These lovely Braille Alphabet Bracelets (from At First Sight) are made of small individual tiles: each tile represents a letter—Braille on the front, and engraved Roman type on the back—separated by simple, straight spacers on a stretch bracelet. There’s no ornamentation on the tiles—just beautiful Braille! You can leave your bracelet as is, or take it apart and restring it as a bracelet or necklace of your own creation, using different letters for initials, names or words. To see a picture or order online, visit <www.nbp.org/ic/nbp/brace.html> or email your order to <firstname.lastname@example.org>.
Cost: $28.50, ($5 processing fee on all agency purchase orders; no charge if prepaid. Major credit cards accepted).
To order offline, send payment to: National Braille Press, 88 St. Stephen Street, Boston, Massachusetts 02115-4302. You may also call and charge it: toll-free (800) 548-7323 or (617) 266-6160 extension 20.
Institutional Membership in RFB&D
This announcement comes from Annemarie Cooke, Senior External Relations Officer RFB&D Learning through listening. Voice: (609) 520-8079. <email@example.com>. For more details about this offer contact Ms. Cooke or go to the RFB&D Web site <www.rfbd.org> and locate the registration and copyright agreement application for a Level 1 institutional membership. Here is the announcement:
If your school or facility hasn’t enrolled as an institutional member with RFB&D, here’s the chance you’ve been waiting for to enroll for a year FREE! Through June 1, 2004, we’re offering first-time ONE YEAR institutional memberships so you can try digitally recorded textbooks on CD. A Level 1 membership will allow you to borrow 25 books for your students to use. In addition, you’ll receive one copy of VictorSoft playback software that is PC-compatible. With RFB&D’s AudioPlus™ CDs, users enjoy superior navigation—page-to-page, chapter-to-chapter, section to section with just a keystroke or two. And there’s 45 HOURS of listening on a single AudioPlus™ CD.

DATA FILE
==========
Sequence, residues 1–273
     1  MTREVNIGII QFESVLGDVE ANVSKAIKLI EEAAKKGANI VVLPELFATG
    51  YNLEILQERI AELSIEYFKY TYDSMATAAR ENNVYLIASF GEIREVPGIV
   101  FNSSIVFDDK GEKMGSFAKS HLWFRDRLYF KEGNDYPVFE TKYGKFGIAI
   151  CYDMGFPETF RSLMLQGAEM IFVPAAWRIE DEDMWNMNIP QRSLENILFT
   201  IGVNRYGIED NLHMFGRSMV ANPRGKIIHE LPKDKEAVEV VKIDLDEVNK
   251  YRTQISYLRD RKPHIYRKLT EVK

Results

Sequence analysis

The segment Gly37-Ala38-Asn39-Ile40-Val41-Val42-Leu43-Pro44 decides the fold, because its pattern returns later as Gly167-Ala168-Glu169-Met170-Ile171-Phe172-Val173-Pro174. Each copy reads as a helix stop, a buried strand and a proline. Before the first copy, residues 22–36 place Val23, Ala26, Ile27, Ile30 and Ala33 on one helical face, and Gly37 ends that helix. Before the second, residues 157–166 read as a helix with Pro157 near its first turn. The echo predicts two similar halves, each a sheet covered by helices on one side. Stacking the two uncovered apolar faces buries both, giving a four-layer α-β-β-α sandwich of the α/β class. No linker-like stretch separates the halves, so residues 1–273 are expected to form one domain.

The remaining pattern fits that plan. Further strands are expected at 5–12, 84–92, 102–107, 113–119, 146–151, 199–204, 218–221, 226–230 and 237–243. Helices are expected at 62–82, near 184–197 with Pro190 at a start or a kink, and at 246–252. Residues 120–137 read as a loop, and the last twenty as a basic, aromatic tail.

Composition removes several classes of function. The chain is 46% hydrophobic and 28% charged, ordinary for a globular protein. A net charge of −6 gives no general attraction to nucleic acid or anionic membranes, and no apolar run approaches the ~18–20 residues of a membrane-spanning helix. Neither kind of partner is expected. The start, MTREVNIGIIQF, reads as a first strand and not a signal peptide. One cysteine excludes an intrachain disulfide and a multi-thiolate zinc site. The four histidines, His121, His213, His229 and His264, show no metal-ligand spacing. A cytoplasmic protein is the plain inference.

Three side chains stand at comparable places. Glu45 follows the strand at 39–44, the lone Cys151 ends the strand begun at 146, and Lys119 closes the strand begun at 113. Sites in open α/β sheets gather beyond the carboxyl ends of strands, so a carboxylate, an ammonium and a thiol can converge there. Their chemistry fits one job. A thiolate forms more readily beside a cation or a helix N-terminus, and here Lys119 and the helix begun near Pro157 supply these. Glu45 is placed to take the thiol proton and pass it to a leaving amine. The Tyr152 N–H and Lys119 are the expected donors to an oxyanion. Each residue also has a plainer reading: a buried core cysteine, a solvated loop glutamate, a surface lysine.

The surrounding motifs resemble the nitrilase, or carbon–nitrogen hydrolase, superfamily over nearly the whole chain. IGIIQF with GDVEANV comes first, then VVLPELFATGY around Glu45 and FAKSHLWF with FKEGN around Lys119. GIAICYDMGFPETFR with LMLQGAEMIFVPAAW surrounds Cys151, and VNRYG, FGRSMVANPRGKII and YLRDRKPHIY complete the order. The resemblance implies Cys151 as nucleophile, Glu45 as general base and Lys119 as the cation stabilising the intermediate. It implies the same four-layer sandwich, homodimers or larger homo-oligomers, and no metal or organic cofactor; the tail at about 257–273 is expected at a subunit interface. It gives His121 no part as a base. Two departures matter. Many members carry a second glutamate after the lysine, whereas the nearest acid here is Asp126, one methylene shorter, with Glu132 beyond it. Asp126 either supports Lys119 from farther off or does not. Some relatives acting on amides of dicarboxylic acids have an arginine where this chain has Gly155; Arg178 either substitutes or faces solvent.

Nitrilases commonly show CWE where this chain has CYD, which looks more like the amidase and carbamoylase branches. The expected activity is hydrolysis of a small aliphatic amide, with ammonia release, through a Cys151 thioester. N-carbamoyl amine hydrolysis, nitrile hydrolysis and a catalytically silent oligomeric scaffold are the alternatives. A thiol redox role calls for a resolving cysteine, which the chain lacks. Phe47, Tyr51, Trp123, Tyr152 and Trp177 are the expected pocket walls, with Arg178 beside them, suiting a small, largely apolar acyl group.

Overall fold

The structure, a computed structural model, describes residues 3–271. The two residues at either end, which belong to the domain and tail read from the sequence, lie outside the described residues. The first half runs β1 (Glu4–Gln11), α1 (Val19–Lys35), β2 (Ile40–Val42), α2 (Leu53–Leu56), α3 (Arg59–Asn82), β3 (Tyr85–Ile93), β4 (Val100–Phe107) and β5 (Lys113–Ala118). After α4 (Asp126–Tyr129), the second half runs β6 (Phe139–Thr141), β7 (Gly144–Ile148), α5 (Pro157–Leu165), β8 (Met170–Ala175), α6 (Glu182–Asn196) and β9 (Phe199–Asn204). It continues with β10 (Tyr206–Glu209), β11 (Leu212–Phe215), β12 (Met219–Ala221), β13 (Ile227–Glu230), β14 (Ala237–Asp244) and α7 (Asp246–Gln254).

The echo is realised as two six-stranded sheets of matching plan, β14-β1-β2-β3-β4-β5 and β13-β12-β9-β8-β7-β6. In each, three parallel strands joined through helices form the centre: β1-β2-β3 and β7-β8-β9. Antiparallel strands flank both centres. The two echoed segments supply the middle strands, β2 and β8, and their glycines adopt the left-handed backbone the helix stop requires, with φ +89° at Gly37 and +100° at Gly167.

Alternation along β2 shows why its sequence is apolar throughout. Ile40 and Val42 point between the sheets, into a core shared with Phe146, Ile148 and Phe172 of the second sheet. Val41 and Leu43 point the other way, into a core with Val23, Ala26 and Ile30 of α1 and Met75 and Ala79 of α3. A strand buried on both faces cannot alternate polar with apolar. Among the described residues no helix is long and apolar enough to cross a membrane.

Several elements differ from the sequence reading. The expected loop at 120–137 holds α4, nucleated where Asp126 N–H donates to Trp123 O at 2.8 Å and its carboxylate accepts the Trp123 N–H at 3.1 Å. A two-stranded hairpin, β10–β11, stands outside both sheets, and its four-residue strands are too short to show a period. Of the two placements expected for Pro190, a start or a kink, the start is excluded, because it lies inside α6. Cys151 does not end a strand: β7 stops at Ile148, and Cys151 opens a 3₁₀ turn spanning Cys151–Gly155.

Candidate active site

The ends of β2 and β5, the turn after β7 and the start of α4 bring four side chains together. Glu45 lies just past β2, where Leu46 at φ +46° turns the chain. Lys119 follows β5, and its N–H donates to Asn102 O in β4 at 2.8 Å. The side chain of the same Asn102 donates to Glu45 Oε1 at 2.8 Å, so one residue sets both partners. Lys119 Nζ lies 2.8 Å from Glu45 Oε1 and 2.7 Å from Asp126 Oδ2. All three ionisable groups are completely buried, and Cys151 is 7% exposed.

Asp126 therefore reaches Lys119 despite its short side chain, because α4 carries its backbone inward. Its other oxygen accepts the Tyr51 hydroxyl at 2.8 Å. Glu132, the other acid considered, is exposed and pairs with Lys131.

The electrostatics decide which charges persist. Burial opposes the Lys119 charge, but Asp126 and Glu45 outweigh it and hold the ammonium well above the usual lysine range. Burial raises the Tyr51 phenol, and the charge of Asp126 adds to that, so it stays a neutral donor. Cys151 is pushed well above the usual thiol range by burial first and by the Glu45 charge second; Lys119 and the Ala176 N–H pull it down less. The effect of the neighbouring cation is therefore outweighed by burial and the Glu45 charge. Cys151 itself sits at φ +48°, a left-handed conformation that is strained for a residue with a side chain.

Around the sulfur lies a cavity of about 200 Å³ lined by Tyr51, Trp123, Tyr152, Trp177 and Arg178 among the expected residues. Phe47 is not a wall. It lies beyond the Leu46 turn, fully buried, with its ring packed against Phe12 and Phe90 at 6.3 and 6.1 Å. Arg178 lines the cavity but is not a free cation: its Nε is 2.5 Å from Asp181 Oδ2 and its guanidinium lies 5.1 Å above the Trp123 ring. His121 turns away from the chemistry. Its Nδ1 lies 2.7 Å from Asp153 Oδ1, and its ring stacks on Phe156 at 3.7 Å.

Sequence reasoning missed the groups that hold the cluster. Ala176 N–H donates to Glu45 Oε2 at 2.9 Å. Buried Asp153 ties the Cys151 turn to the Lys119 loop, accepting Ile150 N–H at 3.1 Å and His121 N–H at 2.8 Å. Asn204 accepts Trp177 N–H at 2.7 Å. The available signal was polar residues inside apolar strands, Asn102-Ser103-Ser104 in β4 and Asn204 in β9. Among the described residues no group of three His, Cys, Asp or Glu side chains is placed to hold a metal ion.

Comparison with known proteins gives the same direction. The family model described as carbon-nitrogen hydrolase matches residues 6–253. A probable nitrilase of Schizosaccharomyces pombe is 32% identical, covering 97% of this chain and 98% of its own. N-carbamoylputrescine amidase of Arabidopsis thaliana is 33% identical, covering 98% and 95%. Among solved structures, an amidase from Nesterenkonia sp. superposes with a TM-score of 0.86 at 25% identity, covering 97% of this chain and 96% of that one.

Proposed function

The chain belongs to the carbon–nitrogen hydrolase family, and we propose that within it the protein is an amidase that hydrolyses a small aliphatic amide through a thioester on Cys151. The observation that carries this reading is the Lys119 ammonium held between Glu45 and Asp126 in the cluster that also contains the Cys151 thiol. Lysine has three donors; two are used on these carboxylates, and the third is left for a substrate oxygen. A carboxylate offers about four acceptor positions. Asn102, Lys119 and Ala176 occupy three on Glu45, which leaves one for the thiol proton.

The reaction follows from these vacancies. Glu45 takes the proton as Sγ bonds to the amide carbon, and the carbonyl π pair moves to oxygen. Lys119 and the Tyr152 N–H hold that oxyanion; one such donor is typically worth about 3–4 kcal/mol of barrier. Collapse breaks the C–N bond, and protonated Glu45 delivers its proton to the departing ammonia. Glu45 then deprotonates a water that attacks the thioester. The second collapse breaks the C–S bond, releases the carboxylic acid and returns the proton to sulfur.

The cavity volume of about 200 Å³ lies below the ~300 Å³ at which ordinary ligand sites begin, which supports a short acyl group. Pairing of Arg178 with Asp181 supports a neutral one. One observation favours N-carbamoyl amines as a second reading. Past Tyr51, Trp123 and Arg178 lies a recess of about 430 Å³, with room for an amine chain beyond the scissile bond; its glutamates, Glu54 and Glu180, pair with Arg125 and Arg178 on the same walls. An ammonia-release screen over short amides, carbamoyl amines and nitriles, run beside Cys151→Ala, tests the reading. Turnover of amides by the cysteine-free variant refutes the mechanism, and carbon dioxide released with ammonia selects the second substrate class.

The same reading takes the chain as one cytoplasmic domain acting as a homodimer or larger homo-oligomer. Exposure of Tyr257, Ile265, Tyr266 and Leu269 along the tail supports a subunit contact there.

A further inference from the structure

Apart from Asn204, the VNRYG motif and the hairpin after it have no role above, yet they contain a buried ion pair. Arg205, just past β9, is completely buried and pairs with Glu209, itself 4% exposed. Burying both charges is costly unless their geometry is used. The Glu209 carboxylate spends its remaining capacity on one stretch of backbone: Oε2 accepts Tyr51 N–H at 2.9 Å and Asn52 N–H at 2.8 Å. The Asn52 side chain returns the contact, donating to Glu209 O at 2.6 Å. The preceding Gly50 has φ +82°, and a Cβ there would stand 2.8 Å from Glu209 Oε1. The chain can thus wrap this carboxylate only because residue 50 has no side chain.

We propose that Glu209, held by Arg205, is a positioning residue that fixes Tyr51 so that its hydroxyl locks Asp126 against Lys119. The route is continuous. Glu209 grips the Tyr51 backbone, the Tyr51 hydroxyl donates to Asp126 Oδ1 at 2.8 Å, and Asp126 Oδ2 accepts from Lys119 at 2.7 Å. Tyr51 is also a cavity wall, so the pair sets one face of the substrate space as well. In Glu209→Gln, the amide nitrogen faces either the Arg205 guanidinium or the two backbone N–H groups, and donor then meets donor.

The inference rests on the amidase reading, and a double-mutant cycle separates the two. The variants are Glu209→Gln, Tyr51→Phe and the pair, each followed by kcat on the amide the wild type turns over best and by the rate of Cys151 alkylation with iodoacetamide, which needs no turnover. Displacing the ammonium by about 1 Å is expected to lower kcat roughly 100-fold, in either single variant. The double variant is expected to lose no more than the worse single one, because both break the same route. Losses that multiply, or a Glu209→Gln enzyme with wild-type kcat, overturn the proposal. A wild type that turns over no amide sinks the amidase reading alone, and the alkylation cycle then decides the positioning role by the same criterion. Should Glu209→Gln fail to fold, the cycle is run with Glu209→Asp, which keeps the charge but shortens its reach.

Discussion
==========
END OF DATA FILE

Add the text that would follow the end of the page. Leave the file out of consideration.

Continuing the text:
Independent Living Aids, Inc., Acquires Ann Morris Enterprises:
We recently received the following press release:
Independent Living Aids, Inc., the country’s oldest privately held mail-order business specializing in products for the blind and visually impaired, acquired Ann Morris Enterprises on February 1, 2004. Ann Morris has been in business for eighteen years and is one of the most respected and established mail-order companies in the industry. ILA is in its twenty-seventh year of continuous operation.
ILA intends to maintain the Ann Morris identification by continuing to publish its catalog of unique products for the visually impaired and by maintaining its Web site <www.annmorris.com>. Ann Morris, regarded as the Lillian Vernon of the blind mail-order industry, will assist with the transition and will share her expertise on an on-going basis. The acquisition enhances both companies’ product lines, which ultimately benefits all customers. ILA can now offer a more comprehensive range of CAN-DO™ Products through its catalogs and on its Web site <www.independentliving.com.>
Braille Transcription Service:
The following is from Cathy Zimmerman:
We are a non-profit organization in Hackensack, New Jersey. We offer quick and accurate transcription in literary Braille and Nemeth code of texts ranging from first-grade primers through college-level mathematics and chemistry. We also offer many foreign language transcriptions. Our customers include APH, educational institutions, government and non-profit agencies, corporations, hospitals, theaters, and individuals. If this information could be helpful to any parents looking for publications to be done for their children, we would be pleased to work with them. For more information contact:
Cathy Zimmerman, Certified Braille Transcriptionist, Multimedia Transcription Service (MTS, 131 Main Street, Suite 120, Hackensack, New Jersey 07601. Phone: (201) 996-9423. Fax: (201) 996-9422. <firstname.lastname@example.org>.